A Concise Summary of World War I: The First Two Years (1914-1916)

Nick Richwagen

Project Description 

This is an ongoing project to complement my reading of John Keegan’s The First World War (2000), as well as Michael Howard’s The First World War: A Very Short Introduction (2003). I have also made use of other literature and resources throughout the project (see Useful Resources below).

Every year 1914-1918 has a paragraph summary detailing the events of each month. This article is for the first half of the conflict, 1914-1916.  Each year of the war also has a table, divided into sections for the Western Front, the Eastern Front, the Southern Front/Balkan Campaign and the multiple Turkish Fronts fought against the Ottoman Empire.

Particular attention is spent on the largest battles of the war: Verdun and the Somme (1916), and Passchendaele (1917). The first two of these will be covered here.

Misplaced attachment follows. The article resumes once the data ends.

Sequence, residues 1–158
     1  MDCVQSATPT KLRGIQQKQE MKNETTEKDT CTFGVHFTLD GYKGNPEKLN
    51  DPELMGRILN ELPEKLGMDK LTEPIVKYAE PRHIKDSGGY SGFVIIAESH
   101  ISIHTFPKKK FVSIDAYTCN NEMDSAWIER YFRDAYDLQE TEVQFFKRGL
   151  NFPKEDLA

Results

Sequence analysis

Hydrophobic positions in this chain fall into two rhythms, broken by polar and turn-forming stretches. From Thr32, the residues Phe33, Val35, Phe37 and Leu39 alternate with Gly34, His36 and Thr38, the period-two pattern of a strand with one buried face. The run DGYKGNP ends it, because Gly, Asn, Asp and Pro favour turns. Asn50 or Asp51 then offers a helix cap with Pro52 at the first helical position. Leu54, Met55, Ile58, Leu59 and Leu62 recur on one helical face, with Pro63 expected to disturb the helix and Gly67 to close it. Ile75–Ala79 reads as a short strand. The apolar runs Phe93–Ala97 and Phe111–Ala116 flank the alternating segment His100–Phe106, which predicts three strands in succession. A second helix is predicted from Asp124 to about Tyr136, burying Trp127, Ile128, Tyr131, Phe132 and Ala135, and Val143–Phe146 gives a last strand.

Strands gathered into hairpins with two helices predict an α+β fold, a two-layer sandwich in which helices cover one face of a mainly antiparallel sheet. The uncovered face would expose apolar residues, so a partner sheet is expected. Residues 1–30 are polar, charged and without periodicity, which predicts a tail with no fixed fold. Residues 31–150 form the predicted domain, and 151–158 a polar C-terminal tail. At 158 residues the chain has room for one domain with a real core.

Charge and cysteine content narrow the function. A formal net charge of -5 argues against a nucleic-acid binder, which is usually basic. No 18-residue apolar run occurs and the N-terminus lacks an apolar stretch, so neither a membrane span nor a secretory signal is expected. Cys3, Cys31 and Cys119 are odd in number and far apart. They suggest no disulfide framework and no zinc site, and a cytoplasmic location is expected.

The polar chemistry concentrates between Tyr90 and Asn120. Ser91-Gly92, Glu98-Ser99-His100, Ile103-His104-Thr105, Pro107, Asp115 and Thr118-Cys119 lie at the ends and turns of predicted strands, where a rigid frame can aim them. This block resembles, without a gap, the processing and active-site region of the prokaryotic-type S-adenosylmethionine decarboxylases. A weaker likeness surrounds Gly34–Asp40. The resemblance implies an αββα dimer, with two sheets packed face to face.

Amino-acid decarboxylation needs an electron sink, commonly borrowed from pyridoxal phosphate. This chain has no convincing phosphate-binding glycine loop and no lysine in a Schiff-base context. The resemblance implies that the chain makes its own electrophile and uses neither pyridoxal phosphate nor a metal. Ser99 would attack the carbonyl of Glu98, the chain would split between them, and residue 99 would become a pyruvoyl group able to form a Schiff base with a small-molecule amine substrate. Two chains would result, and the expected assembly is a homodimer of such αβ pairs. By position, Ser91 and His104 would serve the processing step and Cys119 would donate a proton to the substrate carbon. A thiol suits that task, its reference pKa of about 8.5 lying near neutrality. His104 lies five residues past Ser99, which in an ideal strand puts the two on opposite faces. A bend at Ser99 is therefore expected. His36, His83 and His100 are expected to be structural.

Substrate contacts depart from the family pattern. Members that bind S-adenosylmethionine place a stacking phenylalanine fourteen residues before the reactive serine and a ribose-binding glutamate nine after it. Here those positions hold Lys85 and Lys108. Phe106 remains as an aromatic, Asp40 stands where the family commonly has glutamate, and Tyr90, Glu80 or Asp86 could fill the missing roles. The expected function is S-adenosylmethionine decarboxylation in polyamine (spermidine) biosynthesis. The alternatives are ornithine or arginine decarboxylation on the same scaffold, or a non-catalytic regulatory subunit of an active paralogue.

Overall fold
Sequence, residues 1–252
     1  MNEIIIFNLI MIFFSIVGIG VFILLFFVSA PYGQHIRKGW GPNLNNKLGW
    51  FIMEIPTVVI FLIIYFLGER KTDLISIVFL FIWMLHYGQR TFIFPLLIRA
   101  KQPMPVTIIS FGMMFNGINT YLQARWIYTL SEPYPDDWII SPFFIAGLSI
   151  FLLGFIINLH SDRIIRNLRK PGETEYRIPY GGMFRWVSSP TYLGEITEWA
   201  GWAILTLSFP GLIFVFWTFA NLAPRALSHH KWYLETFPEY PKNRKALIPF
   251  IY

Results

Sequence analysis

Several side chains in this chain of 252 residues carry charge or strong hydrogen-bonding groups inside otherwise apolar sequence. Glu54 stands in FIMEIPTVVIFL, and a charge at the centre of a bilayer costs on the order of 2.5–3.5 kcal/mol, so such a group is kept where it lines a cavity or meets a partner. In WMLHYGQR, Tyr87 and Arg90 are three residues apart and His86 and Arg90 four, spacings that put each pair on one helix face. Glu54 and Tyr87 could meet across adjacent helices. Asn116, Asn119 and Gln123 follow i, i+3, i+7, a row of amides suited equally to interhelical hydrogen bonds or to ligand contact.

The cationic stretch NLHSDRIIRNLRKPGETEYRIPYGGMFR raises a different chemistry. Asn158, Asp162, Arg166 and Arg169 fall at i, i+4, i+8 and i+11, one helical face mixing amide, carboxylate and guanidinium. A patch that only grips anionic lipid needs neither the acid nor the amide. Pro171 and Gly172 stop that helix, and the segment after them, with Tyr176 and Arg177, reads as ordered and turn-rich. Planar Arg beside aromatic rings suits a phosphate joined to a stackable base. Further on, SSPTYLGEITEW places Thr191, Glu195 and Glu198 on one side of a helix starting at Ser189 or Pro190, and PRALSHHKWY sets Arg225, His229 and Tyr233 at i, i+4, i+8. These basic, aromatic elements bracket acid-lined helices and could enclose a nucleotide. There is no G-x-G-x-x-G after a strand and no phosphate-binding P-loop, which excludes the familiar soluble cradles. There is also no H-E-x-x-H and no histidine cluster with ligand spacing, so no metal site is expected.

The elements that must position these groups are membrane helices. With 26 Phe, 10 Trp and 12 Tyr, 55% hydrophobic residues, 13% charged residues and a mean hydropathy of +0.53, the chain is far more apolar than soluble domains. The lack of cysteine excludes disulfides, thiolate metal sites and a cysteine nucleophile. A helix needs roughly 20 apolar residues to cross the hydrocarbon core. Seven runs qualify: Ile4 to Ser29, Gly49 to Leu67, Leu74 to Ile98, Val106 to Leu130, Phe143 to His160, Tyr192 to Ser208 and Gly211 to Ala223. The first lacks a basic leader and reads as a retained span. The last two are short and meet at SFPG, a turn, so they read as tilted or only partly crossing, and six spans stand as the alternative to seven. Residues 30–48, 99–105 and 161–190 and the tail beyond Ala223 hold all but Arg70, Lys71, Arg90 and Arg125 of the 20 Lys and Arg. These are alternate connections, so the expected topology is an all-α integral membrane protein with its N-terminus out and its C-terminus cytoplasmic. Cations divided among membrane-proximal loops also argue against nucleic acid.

1914: The War Begins

The Great War began in July 1914, after decades of military buildup and tension between the great powers of Europe. Conflict was set off by the assassination of Archduke Franz Ferdinand, heir to the throne of Austria-Hungary and nephew of the Austrian Emperor Franz Joseph. In retaliation, Austria-Hungary declared war on Serbia on July 28th. The next day, Austrian forces began shelling Belgrade, the Serbian capital. Alliances between the great powers and the invasion of Belgium brought Germany and Austria-Hungary into conflict with Russia, France, and the United Kingdom by early August.

August

At the start of August, Germany invaded Belgium in order to maneuver around the strong French positions along the Franco-German border. This began the Battle of the Frontiers. Stiff Belgian resistance prevented German forces from invading past the border until late August. Belgian fortresses, most importantly Liege and Namur, held the Germans back until the last fort surrendered on the 17th. French attempts to invade German Lorraine in mid-August ended in utter disaster. Pushing into France, the Germans were able to overwhelm seven French armies as well as the British Expeditionary Force (BEF).

Combat in 1914 often featured field armies maneuvering in open spaces to gain advantage. By the end of the year, this would no longer be a feature of the war on the Western Front.

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